Yule, that the sun king is born, implies no mystical belief that
somewhere a Goddess or woman is giving birth to a mystical child.
It is a statement that the nights have reached their longest
extent and from now until Summer Solstice we shall see the sun
more each day.

Wiccans in general feel that the earth is a fragile ecosystem that
should be supported in many ways.  they are often involved as
citizens in nuclear banning movements, vegetarianism, organic
farming, trying to bring consumerism down, trying to strive for a
society that is not as hierarchical as the one we live in now.
They look for voluntary cooperation and consensus more than
anything else.

Witchcraft is a religion that has no established dogma, no
avatars, no prophets, no "holy writ handed down from on high" or
"divinely inspired".  We have no centralized organization and no
way to control who calls themselves witches.  Marion, a good
friend in the South once said, "A witch is as good as her word."

In the patristic Western religions prayers are offered up to a God
for favors, healings, good fortune, and not uncommonly for bad
fortune to befall those identified as enemies.  In the Craft we do
not pray to a Goddess or God.  We do a series of different kinds
of work known as spellcasting to help ourselves.  When we have
problems we need to identify what the problem is and the possible
solution in our minds and souls by the use of many stimuli that
will help us remember what our "will" was in this particular
problem.  Things we use vary from candles to be lit, oils made
with scents, stones to remind us, flower beds, clothes, kerchiefs,
paintings, poems, songs, anything that can trigger our conscious
and subconscious to deal adequately with problems that come up in
daily life.

		A Brief History of the Craft

WitchCraft covens seem to have existed during the burning times
(the catholic witch hunts from 1300-1600), but whether all those
burned, hanged, stoned, drowned and etc. (varying from 100,000
documented cases to 9 million estimated cases), were witches is a
debatable point.  The Witchcraft mythos say that we are descended
from the ancient Goddess worshippping peoples whose religion got
pushed underground by the Christians circa 500 ce.  This may be
true, but it is impossible to prove If the Goddess's priestess did
indeed survive in the form of goody-wives and herb-women, their
religion must have been carefully concealed and cautiously passed
on in an oral form.

We personally think that though there were indeed pagan traces
left all over and incorporated into christianity, this doesn't
necessarily mean that they were Goddess worshippping pagan traces.
Patristic paganity had taken over the Goddess worshippping people
for more than 1500 years by the start of christianity.

Modernly, somewhere in 1940 an English civil servant with a
penchant for whipping and bondage, Gerald Gardener, got himself
"initiated" into a "New Forest" coven in England.  A long-time
witch Sybil Leek, from the New Forest who didn't particularly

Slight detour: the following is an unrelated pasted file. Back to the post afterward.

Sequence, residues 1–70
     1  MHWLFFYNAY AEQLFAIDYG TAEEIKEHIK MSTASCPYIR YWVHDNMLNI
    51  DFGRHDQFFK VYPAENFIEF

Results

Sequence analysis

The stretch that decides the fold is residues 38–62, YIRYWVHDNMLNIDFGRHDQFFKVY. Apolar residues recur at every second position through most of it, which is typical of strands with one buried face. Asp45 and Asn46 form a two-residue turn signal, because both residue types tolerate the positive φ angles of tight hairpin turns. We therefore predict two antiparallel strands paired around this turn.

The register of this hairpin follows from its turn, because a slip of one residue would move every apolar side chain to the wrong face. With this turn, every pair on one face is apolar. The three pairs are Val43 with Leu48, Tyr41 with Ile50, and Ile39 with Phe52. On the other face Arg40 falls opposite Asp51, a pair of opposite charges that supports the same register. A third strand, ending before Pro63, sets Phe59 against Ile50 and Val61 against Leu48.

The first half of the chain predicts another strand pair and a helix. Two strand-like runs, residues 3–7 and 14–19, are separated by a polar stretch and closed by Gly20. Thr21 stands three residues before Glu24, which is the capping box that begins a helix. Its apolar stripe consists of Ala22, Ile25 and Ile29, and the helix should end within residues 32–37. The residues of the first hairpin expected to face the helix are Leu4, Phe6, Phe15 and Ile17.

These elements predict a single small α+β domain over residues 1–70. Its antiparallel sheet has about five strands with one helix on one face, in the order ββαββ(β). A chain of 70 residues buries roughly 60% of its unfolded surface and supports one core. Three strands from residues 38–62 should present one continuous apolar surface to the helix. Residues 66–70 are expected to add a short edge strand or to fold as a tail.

appreciate Gerald, confirms it.  Once Gardner had his hands on the
rituals Old Dorothy taught him, he decided that they were
fragmentary and needed to be reconstructed.  And here we have an
odd little problem.  Gardner had worked in a Ritual Magician's
lodge with Aleister Crowley, a long-time family acquaintance of
Sybil Leek's.  Crowley was a consumate showman bent on shocking
the public.  Sybil was always sad about him, feeling that he had
strayed from the true path of the Craft, but he was apparently
born to one of the hereditary witch families of England.  In spite
of this, his Ritual Lodge was based on his interpretations of the
Magical Lodge of the Golden Dawn, a tradition started in 1890.

Old Dorothy handed to her neophyte, Gardener, the treasured and
cared for rituals that she and her coven had preserved for ages
past. Gardener decided that the rituals were fragmentary and hired
Crowley to "reconstruct" them.  A very public Witchcraft movement
was started by this.  Gardener published and got onto TV a lot in
the fifties and sixties.  Alex Saunders who managed to steal one
of his books of shadows and start his own Craft current, was known
to the TV media in England as "The King of Witches."

These Craft currents were very hierarchical, male dominated
(though token bows were given to the women), secretive, and until
very recently totally heterosexual.  They work on the ritual magic
image of the sexes being opposite and use this thought form to
create images of electrical generators from sexual tension between
male and female.  Gardnerians circled nude, used their cords to
tie initiates and scourge them as part of the initiation.  There
are no orgies however.  The nudity was to encourage the "magic"
which was thought to be inhibited by the robes.  Present day
Gardnerians mostly circle robed.

Other Craft currents are the Alexandrian, similar to Gardnerian.
The Dianic, a non-patristic oriented spirituality, birthed by
Morgan Fairchild, encouraged by Z Budapest (a hereditary witch
from Eastern Europe) and Marion Weinstein.  The Fairie, a highly
eclectic movement and the Radical Fairies, a Gay men's grouping.
Also we have the eclectic people who study religious archeology
and arrive at a synthesis that speaks to the modern day witch in a
modern context.  The biggest of these is called NROOGD (New
Reformed Orthodox Order of the Golden Dawn) and the solitaries,
people who are witches but belong to no group.

We feel a large percentage of human beings have a very strong need
for a spiritual experience.  Each human is different, however.  In
our expressions of religion we tend to vary greatly.  Thus we have
many religions extant today in America and the World.  People must
find the religion that fits their souls.  For SunBear and Salmon,
this religion is the religion of Wicca, Witchcraft.